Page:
He's no longer racing as a pro, but his tally of over 8,600km would have dropped him into third place on our leaderboard.

Read our recent extract about him from Procycling magazine: Shakedown on the Pavé

Willie Smit

When Robert Gesink rode 250km and Laurens De Vreese rode 370km, most cyclists looked on in horror. But Willie Smit raised an eyebrow, followed shortly by a wry smile. At the time of writing, the 27-year-old is coming to the end of a 33-hour, 1,000km ride, which will raise money for the South African federation in developing cycling.

His Zwift total is currently a little over 3,500km but it's rising by the minute.

Geraint Thomas will ride on Zwift for three 12-hour shifts to raise funds for the NHS

Geraint Thomas will ride on Zwift for three 12-hour shifts to raise funds for the NHS (Image credit: Geraint Thomas)

Geraint Thomas

Expect Geraint Thomas' tally to rise considerably this week. The Welshman is riding three 12-hour shifts on Zwift to replicate the 12-hour working days the NHS staff call normal in the UK. The NHS staff, and healthcare staff worldwide, are pivotal in the fight against COVID-19, and Thomas' efforts this week will help to raise vital funds.

The pro Zwift leaderboard
RiderTotal KMLevel
Edvald Boasson-Hagen1935344
Robert Gesink1064435
Mathew Hayman (Retired)860431
Tanja Erath706827
Jack Haig608027
Ben Swift576327
Andre Greipel548327
Ella Harris 540725
Thomas de Gendt534726
Mark Cavendish530527
Lawson Craddock527326
Adam Yates493226
Alex Dowsett455024
Victor Campernaerts421721
Dylan van Baarle412324
Simon Clarke352521
Willie Smit351625
Warren Barguil344820
Remco Evenepoel313119
Michal Kwiatkowski300019
Jasper Stuyven288119
Daryl Impey283919
Luke Durbridge270318
Simon Yates251821
George Bennet237019
Caleb Ewan228116
Mitch Docker227617
Greg Van Avermaet224016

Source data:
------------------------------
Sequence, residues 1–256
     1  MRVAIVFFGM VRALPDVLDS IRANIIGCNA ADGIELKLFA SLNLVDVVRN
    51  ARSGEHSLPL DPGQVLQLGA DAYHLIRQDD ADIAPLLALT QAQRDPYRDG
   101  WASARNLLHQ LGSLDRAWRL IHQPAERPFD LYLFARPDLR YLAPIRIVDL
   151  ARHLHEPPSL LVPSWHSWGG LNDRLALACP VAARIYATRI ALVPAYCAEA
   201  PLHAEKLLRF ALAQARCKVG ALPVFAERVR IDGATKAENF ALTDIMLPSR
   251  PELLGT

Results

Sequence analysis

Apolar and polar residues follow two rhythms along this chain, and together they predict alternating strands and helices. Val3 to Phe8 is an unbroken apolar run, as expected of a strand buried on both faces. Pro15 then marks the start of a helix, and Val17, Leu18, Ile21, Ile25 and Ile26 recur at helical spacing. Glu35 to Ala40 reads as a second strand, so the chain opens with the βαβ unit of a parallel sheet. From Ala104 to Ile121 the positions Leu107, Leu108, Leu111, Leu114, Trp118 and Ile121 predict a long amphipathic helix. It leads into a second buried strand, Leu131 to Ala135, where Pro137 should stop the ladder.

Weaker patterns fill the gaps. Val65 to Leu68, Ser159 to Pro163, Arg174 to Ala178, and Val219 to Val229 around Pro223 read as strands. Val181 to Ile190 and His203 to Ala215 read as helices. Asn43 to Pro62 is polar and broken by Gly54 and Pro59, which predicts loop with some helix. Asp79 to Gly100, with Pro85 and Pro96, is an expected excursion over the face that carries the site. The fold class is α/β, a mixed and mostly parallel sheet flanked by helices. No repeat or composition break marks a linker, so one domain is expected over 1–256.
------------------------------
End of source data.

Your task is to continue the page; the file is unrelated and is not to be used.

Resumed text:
Michael Matthews216118
Wout Poels212118
Nicholas Roche211217
Esteban Chaves202117
Simon Geschke1976
Luis Leon Sanchez179917
Jai Hindley176215
Michael Valgren175715
Iljo Keisse1715
Hannah Barnes174916
Geraint Thomas164016
Philippe Gilbert151715
Rigoberto Uran136815
Chloe Dygart129016
Jolien d'Hoore 124012
Ellen van Dijk 121112
Mike Woods119913
Egan Bernal114613
Amalie Dideriksen105912
Elisa Longo Borghini 88812
Chris Froome82512
Chantal Blaak 79711
Anna van der Breggen68110
Mathieu van der Poel4619
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Josh Croxton

Josh has been with us as Senior Tech Writer since the summer of 2019 and throughout that time he's covered everything from buyer's guides and deals to the latest tech news and reviews. On the bike, Josh has been riding and racing for over 15 years. He started out racing cross country in his teens back when 26-inch wheels and triple chainsets were still mainstream, but he found favour in road racing in his early 20s, racing at a local and national level for Team Tor 2000. He's always keen to get his hands on the newest tech, and while he enjoys a good long road race, he's much more at home in a local criterium.